On Tuesday (February 14) lawyers for the Chickasaw and Choctaw Nations filed for partial summary judgment in the federal court case the tribes began in August 2011.
Tribal attorneys are asking a federal court to rule that Oklahoma’s
stream adjudication statutes do not satisfy federal standards or
otherwise reach the relevant questions presented in their lawsuit.
The state had asked the Oklahoma Supreme Court to assume jurisdiction
over a proposed adjudication of all claimed rights to the use of water
in the Kiamichi, Muddy Boggy, and Clear Boggy Basins — from Ada to the
Arkansas state line.
Michael Burrage, attorney for the Chickasaw and Choctaw, asserts,
“The State’s action misses the point. The law doesn’t support them in what they are trying to do, and we believe it’s a distraction. It would be much better for the parties to focus on the forum we’re already in — the only one that has jurisdiction over the federal questions that the nations’ suit has framed.”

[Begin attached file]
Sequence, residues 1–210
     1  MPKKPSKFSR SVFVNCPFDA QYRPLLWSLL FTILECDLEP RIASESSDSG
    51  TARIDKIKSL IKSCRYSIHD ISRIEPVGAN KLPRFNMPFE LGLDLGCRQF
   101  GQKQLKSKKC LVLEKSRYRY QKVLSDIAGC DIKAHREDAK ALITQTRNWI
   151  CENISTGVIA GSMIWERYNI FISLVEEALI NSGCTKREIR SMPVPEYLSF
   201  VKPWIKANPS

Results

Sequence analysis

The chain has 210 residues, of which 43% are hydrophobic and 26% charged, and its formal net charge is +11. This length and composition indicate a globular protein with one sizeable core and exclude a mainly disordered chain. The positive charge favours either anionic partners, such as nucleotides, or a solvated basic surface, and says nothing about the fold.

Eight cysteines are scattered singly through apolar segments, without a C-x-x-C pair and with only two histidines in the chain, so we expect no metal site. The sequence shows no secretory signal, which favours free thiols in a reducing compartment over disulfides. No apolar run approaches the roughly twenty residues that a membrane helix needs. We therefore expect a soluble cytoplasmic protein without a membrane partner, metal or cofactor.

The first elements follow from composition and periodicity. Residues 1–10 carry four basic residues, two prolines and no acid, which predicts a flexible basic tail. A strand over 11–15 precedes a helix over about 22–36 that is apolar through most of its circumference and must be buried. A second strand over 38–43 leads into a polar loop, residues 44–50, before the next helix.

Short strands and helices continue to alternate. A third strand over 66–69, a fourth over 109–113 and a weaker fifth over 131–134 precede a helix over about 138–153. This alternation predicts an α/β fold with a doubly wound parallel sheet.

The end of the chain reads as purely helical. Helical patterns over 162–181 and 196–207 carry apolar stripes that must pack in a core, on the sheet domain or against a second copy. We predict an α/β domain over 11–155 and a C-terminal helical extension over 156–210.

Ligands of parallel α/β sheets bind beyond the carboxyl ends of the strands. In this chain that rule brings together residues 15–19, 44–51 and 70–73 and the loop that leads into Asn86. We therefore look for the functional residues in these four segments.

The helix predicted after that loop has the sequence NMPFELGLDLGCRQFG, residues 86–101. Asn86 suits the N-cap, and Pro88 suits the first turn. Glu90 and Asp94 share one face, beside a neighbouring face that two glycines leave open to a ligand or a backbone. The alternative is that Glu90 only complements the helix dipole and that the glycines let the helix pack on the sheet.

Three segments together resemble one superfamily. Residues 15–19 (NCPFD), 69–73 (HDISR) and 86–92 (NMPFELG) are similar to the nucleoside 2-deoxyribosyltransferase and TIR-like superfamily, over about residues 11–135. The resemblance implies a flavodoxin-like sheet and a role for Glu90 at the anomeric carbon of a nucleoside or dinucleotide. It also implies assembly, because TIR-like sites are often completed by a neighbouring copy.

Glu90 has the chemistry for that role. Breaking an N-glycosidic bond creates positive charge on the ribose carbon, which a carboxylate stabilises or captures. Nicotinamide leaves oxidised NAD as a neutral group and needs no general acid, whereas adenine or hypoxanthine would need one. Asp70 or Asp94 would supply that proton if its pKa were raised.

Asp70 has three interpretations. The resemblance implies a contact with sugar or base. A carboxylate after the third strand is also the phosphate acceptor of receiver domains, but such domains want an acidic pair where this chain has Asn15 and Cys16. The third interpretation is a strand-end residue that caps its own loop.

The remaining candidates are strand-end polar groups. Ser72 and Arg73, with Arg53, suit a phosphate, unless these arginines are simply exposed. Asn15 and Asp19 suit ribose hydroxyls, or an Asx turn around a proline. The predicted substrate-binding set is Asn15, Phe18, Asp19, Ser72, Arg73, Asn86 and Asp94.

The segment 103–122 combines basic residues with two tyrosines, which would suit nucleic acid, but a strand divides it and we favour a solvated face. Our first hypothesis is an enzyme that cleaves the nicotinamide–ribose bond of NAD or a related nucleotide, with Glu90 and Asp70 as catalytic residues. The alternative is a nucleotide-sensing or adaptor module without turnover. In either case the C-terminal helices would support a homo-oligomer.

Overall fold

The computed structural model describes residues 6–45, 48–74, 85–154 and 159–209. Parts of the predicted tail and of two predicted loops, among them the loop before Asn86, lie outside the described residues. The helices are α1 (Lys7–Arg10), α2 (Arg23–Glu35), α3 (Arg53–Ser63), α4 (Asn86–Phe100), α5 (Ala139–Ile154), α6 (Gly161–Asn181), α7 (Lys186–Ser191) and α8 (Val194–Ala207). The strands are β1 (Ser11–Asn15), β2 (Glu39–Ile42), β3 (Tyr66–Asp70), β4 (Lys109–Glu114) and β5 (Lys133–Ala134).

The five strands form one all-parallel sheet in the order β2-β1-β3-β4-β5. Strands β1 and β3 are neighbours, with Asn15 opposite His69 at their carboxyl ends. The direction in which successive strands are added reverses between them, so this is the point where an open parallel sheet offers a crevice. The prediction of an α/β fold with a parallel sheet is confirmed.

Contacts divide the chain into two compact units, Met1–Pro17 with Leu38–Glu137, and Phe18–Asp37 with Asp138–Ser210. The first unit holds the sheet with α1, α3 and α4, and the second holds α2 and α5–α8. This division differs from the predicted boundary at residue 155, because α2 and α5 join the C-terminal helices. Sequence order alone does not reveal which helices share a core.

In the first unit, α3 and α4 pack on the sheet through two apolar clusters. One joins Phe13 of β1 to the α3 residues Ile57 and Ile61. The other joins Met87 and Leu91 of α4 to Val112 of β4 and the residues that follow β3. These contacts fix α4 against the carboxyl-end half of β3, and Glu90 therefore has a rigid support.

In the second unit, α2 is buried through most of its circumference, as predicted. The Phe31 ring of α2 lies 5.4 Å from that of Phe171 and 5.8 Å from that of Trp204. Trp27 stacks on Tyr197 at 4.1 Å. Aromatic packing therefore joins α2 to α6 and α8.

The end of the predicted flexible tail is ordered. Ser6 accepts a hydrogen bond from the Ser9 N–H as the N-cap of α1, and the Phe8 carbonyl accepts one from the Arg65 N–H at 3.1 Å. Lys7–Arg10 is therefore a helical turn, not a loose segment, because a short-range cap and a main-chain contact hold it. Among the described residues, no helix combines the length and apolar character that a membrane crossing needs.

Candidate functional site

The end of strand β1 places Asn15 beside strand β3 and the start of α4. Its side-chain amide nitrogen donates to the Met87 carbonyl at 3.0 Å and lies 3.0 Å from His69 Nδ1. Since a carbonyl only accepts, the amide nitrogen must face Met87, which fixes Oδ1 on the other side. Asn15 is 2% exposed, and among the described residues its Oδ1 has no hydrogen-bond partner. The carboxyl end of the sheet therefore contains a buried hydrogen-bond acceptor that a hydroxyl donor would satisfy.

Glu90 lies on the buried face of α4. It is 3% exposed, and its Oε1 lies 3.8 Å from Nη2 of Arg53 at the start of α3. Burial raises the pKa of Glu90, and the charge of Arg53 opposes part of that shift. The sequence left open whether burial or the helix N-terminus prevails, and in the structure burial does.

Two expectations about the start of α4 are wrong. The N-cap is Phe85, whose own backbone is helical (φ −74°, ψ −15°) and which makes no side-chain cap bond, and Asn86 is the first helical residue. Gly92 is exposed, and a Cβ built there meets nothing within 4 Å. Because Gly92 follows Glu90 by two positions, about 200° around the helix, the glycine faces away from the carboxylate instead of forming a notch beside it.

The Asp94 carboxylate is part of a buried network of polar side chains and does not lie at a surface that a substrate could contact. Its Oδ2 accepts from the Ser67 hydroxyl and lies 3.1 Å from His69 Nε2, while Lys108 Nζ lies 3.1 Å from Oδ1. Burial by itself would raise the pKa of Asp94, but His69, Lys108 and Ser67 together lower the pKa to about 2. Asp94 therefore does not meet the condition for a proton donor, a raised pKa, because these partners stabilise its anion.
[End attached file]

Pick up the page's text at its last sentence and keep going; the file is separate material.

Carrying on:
Burrage said in a statement sent to CapitolBeatOK, “The nations’ complaint expressly states that it does not and will not disturb existing uses of water made under valid permits. That issue isn’t even on the table.”
The tribes’ lawyers also want a ruling water resource rights and interests under their1830 removal-era treaty, subsequent treaties, and other federal laws. They also seek a ruling that the state’s water-use permitting system cannot lawfully authorize the export of waters from a basin subject to federal rights without regard for the certain procedural and substantive protections.